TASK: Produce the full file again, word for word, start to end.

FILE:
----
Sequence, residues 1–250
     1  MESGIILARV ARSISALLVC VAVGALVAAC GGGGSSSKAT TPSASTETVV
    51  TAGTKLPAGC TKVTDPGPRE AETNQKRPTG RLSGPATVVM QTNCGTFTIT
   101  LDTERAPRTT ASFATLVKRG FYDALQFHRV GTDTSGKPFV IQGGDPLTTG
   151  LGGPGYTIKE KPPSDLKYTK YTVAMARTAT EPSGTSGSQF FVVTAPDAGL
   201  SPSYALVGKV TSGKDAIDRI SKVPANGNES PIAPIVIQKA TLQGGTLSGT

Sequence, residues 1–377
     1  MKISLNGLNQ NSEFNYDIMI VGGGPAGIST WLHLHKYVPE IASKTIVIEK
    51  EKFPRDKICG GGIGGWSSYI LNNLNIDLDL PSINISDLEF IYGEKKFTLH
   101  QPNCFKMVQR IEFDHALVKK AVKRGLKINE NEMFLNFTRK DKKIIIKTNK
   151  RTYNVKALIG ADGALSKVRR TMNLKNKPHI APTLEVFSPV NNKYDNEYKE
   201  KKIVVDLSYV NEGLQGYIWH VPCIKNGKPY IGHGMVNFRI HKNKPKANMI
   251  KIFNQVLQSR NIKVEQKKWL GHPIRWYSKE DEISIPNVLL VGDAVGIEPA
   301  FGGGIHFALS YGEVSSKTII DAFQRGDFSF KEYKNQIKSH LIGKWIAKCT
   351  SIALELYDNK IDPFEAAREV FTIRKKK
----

Sequence, residues 1–250
     1  MESGIILARV ARSISALLVC VAVGALVAAC GGGGSSSKAT TPSASTETVV
    51  TAGTKLPAGC TKVTDPGPRE AETNQKRPTG RLSGPATVVM QTNCGTFTIT
   101  LDTERAPRTT ASFATLVKRG FYDALQFHRV GTDTSGKPFV IQGGDPLTTG
   151  LGGPGYTIKE KPPSDLKYTK YTVAMARTAT EPSGTSGSQF FVVTAPDAGL
   201  SPSYALVGKV TSGKDAIDRI SKVPANGNES PIAPIVIQKA TLQGGTLSGT

Sequence, residues 1–377
     1  MKISLNGLNQ NSEFNYDIMI VGGGPAGIST WLHLHKYVPE IASKTIVIEK
    51  EKFPRDKICG GGIGGWSSYI LNNLNIDLDL PSINISDLEF IYGEKKFTLH
   101  QPNCFKMVQR IEFDHALVKK AVKRGLKINE NEMFLNFTRK DKKIIIKTNK
   151  RTYNVKALIG ADGALSKVRR TMNLKNKPHI APTLEVFSPV NNKYDNEYKE
   201  KKIVVDLSYV NEGLQGYIWH VPCIKNGKPY IGHGMVNFRI HKNKPKANMI
   251  KIFNQVLQSR NIKVEQKKWL GHPIRWYSKE DEISIPNVLL VGDAVGIEPA
   301  FGGGIHFALS YGEVSSKTII DAFQRGDFSF KEYKNQIKSH LIGKWIAKCT
   351  SIALELYDNK IDPFEAAREV FTIRKKK